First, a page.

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Since the fire that engulfed Moria camp on Lesbos island nearly two weeks ago, more than 500 of the 12,000 displaced migrants and refugees have been taking shelter at a center run by Team Humanity, a nonprofit humanitarian organization. 

Refugees

Migrants displaced by Lesbos fire say conditions at new camp are inhumane

Greek authorities have moved almost all of the 12,000 displaced migrants and refugees on Lesbos island into a new camp after the Moria camp where they were living was destroyed by fire.

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Since the fire that engulfed Moria camp on Lesbos island nearly two weeks ago, more than 500 of the 12,000 displaced migrants and refugees have been taking shelter at a center run by Team Humanity, a nonprofit humanitarian organization. 

 

Credit:

Lydia Emmanouilidou/The World 

Since the fire that engulfed Moria camp on Lesbos island nearly two weeks ago, more than 500 of the 12,000 displaced migrants and refugees have been taking shelter at a center run by Team Humanity, a nonprofit humanitarian organization.

Related: After fire, Greek police move asylum-seekers to new camp

“Now, it’s the time for them to go to the new camp,” said Emad Baghlani, one of the group’s coordinators, as he helped migrants pack and load their belongings into a bus that would take them to a new campsite co-managed by the Greek government and EU agencies.

These migrants were among the last of the more than 12,000 displaced still trickling into the new site on Sunday. Many who have already moved into the camp, a former military firing range, say conditions are inhumane, and they worry their new home will turn into the next Moria — a camp notorious for its squalid and overcrowded conditions.

“I hope to [leave] the new camp as soon as possible, to go to another country. I want to be free.”

Javad, a 13-year-old asylum-seeker from Afghanistan

“I hope to [leave] the new camp as soon as possible, to go to another country,” said Javad, a 13-year-old asylum-seeker from Afghanistan, who has been on Lesbos for 14 months with his parents and two siblings. “I want to be free.”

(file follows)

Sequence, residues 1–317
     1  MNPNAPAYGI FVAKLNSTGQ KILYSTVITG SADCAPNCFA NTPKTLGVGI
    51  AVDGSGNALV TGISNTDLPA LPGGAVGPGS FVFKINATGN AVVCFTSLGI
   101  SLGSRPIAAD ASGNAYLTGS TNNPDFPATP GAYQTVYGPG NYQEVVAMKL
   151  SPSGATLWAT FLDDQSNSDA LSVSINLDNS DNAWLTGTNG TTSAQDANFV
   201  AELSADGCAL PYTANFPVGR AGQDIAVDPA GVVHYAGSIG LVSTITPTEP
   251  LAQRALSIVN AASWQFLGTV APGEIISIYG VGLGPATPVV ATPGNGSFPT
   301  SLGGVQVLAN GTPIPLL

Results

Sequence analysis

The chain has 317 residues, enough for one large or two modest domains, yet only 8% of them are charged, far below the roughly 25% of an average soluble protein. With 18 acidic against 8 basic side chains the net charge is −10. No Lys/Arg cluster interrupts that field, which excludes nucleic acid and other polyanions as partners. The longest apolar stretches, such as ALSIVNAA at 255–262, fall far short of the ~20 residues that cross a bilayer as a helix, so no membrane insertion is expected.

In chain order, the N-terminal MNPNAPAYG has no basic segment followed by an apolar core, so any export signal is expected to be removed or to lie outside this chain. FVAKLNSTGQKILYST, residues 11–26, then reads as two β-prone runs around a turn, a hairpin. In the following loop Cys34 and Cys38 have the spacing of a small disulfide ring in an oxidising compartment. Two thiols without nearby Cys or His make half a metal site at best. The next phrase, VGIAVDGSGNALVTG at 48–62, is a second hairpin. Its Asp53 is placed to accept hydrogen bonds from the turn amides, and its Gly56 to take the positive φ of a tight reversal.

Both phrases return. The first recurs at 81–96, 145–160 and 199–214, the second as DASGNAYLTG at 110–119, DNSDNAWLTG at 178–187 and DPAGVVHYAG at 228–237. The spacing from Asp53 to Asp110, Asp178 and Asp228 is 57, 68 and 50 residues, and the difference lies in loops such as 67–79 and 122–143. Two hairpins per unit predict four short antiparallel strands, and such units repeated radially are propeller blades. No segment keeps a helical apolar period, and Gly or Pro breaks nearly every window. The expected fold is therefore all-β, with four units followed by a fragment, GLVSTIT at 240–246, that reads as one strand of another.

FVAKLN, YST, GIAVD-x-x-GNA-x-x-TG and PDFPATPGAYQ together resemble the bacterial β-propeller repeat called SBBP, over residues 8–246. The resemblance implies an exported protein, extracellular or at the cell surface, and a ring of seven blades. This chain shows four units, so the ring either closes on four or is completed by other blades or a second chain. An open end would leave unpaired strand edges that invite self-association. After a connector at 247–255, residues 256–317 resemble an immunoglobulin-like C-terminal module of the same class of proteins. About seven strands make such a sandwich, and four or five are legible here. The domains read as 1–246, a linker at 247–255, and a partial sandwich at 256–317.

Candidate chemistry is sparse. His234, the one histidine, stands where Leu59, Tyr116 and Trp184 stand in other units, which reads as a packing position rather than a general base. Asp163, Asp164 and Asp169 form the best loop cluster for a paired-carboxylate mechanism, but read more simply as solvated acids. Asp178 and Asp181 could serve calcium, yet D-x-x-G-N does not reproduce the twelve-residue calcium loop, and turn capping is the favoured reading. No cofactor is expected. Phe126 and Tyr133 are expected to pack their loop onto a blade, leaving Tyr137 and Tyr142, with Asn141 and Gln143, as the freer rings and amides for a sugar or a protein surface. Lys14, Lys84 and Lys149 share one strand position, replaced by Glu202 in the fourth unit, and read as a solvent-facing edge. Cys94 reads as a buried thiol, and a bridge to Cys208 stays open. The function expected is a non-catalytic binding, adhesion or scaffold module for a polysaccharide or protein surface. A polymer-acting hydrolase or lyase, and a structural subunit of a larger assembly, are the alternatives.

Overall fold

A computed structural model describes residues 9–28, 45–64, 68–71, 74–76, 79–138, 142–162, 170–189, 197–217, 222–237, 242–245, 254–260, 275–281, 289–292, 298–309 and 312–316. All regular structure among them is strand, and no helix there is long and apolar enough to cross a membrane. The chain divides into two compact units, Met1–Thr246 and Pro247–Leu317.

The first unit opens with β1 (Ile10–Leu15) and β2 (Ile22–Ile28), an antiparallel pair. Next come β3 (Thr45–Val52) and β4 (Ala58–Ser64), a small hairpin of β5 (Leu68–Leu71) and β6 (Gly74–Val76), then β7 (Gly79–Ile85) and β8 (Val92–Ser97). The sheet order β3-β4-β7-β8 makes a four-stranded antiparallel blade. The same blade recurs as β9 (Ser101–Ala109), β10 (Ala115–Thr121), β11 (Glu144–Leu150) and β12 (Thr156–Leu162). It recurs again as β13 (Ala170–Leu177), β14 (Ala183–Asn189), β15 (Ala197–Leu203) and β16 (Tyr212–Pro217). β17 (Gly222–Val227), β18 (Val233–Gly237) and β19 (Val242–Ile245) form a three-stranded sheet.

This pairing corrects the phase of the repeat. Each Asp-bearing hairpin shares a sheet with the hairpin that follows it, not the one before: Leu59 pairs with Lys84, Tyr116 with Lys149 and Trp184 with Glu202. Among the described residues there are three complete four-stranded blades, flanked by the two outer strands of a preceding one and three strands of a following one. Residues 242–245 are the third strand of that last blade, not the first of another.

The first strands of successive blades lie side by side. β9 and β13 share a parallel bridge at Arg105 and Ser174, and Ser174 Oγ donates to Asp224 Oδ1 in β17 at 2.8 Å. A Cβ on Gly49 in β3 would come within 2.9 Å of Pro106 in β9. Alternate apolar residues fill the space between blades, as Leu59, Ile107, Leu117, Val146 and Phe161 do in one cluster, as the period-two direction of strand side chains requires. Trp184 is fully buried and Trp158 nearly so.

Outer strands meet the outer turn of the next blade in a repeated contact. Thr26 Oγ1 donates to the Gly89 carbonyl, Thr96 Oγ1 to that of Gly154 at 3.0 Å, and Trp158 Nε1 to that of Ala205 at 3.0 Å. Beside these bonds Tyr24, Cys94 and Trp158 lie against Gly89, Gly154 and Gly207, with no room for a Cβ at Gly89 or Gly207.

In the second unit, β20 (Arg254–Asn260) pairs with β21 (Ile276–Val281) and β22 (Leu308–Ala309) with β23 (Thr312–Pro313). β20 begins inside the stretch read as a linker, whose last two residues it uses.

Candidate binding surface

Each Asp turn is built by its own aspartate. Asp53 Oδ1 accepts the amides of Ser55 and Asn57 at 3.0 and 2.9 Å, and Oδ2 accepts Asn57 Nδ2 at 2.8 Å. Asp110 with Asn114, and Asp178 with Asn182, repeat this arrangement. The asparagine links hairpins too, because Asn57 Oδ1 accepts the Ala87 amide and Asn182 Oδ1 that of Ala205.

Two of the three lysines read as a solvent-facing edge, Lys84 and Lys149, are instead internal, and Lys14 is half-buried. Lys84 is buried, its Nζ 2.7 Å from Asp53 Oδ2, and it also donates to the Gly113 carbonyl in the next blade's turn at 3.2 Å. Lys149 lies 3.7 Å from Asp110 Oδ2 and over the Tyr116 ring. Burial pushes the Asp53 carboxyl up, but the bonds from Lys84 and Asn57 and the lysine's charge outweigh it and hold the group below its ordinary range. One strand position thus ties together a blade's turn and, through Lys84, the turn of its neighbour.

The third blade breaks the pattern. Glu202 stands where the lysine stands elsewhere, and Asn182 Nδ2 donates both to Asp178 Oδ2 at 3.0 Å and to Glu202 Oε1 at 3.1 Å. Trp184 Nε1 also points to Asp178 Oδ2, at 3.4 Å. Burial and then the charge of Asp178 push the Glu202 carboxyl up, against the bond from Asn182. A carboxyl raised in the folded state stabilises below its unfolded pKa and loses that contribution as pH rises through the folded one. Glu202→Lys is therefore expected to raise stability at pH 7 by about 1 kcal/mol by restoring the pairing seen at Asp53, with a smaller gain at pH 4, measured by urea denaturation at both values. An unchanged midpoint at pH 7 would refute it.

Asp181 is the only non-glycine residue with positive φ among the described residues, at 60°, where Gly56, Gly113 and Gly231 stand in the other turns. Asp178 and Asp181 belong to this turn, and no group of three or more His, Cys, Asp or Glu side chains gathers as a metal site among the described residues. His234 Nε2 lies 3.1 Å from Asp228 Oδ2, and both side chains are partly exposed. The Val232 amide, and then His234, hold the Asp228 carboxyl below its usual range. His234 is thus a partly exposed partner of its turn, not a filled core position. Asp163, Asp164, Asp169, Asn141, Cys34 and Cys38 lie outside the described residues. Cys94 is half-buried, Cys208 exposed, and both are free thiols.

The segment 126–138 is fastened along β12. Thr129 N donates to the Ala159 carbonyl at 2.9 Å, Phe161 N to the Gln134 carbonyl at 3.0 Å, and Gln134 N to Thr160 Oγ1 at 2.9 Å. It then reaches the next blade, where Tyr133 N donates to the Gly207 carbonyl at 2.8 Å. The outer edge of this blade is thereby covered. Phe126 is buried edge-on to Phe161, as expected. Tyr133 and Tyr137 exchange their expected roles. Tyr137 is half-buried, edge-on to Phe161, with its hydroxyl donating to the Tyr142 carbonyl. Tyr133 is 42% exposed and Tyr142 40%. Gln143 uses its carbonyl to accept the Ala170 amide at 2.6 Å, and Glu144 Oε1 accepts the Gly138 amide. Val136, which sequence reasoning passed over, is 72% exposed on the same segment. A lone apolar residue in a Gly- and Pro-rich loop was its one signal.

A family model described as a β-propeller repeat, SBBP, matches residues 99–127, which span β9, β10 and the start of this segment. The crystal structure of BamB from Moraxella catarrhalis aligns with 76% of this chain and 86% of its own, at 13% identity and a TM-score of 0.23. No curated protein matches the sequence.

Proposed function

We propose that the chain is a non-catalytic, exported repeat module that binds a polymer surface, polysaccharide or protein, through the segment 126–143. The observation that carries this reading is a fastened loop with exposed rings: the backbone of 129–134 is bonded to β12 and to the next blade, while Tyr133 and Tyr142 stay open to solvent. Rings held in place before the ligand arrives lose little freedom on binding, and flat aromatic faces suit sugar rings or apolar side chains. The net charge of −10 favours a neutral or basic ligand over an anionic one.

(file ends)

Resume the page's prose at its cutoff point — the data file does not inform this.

migrant teen

Javad, a 13-year-old Afghan asylum-seeker who’s been on Lesbos for 14 months with his two siblings and parents, says he doesn't want to be put in another camp. 
 

Credit:

Lydia Emmanouilidou/The World 

A few feet away, a young Afghan asylum-seeker named Mohammad sat in the middle of a pile of black trash bags containing his and his family’s belongings, cradling a collared cat. Mohammad found the cat about six months ago while he was living at Moria camp, and named it Kuchulu, which roughly translates to Little. After hearing rumors that pets were not allowed into the new camp, he worried he would not be able to bring his feline friend along. 

Mohammad, a young, Afghan asylum-seeker, found a cat he named Kuchulu while at Moria. He worries he won't be able to bring his feline friend into the new camp.

Mohammad, a young, Afghan asylum-seeker, found a cat he named Kuchulu while at Moria. He worries he won't be able to bring his feline friend into the new camp.

Credit:

Lydia Emmanouilidou/The World 

Nazanin, a 14-year-old, Afghan asylum-seeker, has already relocated to the new camp.

Related: Migrants displaced by fire at Moria camp on Lesbos: 'Nobody’s life is safe here'

Nazanin says conditions inside the new camp are poor. There are too few port-a-potties and not enough pumps with running water for the thousands already inside the camp. Garbage was already starting to pile up due to a lack of adequate garbage bins and trash cans.

“It’s very crowded,” Nazanin said, adding that two families were being housed in each tent, regardless of the number of family members.

“I’m really worried that it will be Moria again.”

Nazanin, 14-year-old, Afghan asylum-seeker

“I’m really worried that it will be Moria again.”

Related: Greece and Turkey sail toward a crisis of sea borders 

Sources inside the camp told The World that single men are being packed into larger mega tents — about 150 men in each tent, and many are concerned about a COVID-19 outbreak under the circumstances. Currently, there are nearly 200 confirmed cases of COVID-19 inside the new camp, according to Greek authorities. Those who tested positive upon entering the camp were placed in a quarantined area walled off by barbed wire near the entrance of the camp.

Some migrants are also reporting issues with food distribution, which happens once a day. Some in the camp say there often is not enough food for everyone inside, forcing migrants to venture out into town to buy their own supplies. (Migrants are currently allowed to leave the premises between 8 a.m. and 8 p.m.)

Two Syrian asylum-seekers return from a shopping trip to the port city of Mytilene, where they picked up rice, tomato sauce and other food. They say the food being distributed at the camp is not enough.

Two Syrian asylum-seekers return from a shopping trip to the port city of Mytilene, where they picked up rice, tomato sauce and other food. They say the food being distributed at the camp is not enough.

Credit:

Lydia Emmanouilidou/The World 

Because it’s right by the sea, some advocates say the camp is highly floodable and they’re worried about the safety of people come wintertime.

Related: Thousands of refugees sleep in streets after fire destroys Greece's Moria camp

“Afghanistan is war. As you know it’s attacks and wars,” Nazanin said of her home country. “Because of that all we come here, come to Europe to have a good living. But [even] Afghanistan ... is better than this.” 

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